Health Highlights: Oct. 28, 2006
Hospitalization May Create Memory, Disorientation Problems for Older Patients Skin Piercing Results in Removal of Teenager's BreastSmoke in Cars Threatens Kids' Health U.S. Trial Focuses Attention on Female Circumcision British Twins Have Different Skin Color Experts Call for Increased Stenting After Heart Attack
Here are some of the latest health and medical news developments, compiled by the editors of HealthDay:
Hospitalization May Create Memory, Disorientation Problems for Older Patients
Older patients hospitalized for acute illnesses may undergo a subtle change that affects their ability to reason or remember.
These findings by a Harvard/ Beth Israel Deaconess Medical Center study also concluded that the lack of immediate recognition of cognitive decline by either medical professionals or family members could allow the patient to make the wrong decision about his or her medical treatment.
Dr. Sharon Inouye, director of the Aging Brain Center at Hebrew SeniorLife who led the study, which will appear in the December issue of the Journal of General Internal Medicine, said in a Harvard news release, "Acute illness can represent a life-altering event for an older person, yet the impact of acute illness on cognitive functioning has not been systematically examined."
Inouye and her team have developed an examination procedure that could detect the cognitive loss often missed through routine exams. Using the test, Inouye said that researchers had discovered 39 percent of the patients surveyed as having congnitive difficulties.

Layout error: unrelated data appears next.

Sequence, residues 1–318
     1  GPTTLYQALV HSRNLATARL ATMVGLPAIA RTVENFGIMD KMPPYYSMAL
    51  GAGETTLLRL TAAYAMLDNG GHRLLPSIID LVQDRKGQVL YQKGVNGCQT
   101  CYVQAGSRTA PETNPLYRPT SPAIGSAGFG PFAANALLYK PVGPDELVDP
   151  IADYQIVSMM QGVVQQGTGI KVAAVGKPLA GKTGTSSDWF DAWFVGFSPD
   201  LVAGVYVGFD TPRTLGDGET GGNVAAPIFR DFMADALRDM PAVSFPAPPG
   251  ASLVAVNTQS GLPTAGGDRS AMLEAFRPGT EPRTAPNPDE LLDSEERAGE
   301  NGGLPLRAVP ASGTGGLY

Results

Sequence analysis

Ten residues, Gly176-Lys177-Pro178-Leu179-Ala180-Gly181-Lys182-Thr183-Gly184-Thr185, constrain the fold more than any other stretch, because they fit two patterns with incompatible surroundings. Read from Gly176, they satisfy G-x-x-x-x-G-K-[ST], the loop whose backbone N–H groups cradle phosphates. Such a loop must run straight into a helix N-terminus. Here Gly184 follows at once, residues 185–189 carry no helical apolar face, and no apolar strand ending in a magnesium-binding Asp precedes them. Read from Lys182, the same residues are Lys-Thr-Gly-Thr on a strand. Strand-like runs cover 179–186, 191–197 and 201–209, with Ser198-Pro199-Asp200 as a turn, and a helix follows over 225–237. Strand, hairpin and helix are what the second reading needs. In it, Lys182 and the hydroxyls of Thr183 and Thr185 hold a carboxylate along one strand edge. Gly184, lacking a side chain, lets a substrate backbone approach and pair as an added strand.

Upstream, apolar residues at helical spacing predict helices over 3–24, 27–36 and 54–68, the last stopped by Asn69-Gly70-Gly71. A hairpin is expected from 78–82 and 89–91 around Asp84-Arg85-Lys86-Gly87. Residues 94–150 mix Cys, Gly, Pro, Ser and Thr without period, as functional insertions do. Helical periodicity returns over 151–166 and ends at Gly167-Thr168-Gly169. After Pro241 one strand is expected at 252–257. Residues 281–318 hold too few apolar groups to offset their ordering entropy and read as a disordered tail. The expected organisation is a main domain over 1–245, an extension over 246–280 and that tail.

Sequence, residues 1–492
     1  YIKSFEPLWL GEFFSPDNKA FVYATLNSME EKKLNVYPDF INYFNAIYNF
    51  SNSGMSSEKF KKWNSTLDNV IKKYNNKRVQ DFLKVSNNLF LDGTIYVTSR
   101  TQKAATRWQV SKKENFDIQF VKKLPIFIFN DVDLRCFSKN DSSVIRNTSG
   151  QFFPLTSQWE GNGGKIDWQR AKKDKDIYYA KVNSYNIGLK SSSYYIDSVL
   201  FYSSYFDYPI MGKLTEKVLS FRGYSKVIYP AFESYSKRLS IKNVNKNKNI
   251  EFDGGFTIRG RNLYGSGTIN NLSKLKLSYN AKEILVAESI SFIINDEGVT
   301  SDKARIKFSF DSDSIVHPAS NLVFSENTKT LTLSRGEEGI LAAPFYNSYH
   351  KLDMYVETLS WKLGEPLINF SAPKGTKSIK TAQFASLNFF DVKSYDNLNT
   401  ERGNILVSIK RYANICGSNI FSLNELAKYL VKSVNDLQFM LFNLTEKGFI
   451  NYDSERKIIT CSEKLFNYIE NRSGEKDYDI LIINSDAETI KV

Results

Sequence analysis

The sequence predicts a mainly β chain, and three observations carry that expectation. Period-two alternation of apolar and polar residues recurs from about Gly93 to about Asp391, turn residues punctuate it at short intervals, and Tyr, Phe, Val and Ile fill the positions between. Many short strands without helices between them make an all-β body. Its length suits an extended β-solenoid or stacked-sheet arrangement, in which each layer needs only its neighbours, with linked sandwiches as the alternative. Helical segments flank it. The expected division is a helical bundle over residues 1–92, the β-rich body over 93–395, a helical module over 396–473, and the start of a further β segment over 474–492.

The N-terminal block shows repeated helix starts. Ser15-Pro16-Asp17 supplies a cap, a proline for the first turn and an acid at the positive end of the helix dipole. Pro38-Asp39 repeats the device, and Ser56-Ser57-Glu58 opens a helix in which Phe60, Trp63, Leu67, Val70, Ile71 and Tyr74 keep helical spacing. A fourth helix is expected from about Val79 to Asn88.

Skin Piercing Results in Removal of Teenager's Breast
What might be considered the ultimate bad result from the popular procedure of skin piercing has happened to an 18-year-old Indiana woman.
According to the Associated Press, Stephanie Edington decided to have her breasts pierced for her 18th birthday, and the resulting infection was so severe that doctors had to remove her left breast.
The wire service quotes Dr. Robert Goulet Jr., a professor at the Indiana University Cancer Center, as saying that the piercing created an entry point for necrotizing fasciitis, sometimes known as "flesh-eating bacteria," which can destroy tissue in a very short period of time. Compounding the young woman's condition, Goulet said, was that she was is diabetic, which left her susceptible to infection.
Edington's condition worsened after she had the piercings Aug. 29, the A.P reported, until she was taken to the hospital Oct. 14. "By the time she got here, the skin tissue was all pretty much completely dead," the wire service quotes Goulet as saying. "She was a very sick kid when she got here." She is on an aggressive antibiotic regimen, and Goulet said she was making good progess.
Smoke in Cars Threatens Kids' Health
The amount of secondhand smoke created when someone puffs on a cigarette in a car -- even with the windows rolled down -- is equivalent to being in a smoky bar and poses a serious health risk to children, New Zealand researchers say.
When the car windows are rolled up, the pollution is twice as bad as being in the smokiest bar, the Associated Press reported of the study's findings.
Researchers measured the amount of particulate released when a person smoked in the car. Particulate refers to tiny airborne particles that can get into the lungs. Air pollution studies have linked particulate to health problems.
Particulate levels were 199 micrograms per cubic yard when the windows were rolled down and 2,926 micrograms per cubic yard when the windows were rolled up. Researcher Richard Edwards noted that on a very smoggy day in a New Zealand city, particulate levels are between 35-40 micrograms per cubic yard, the AP reported.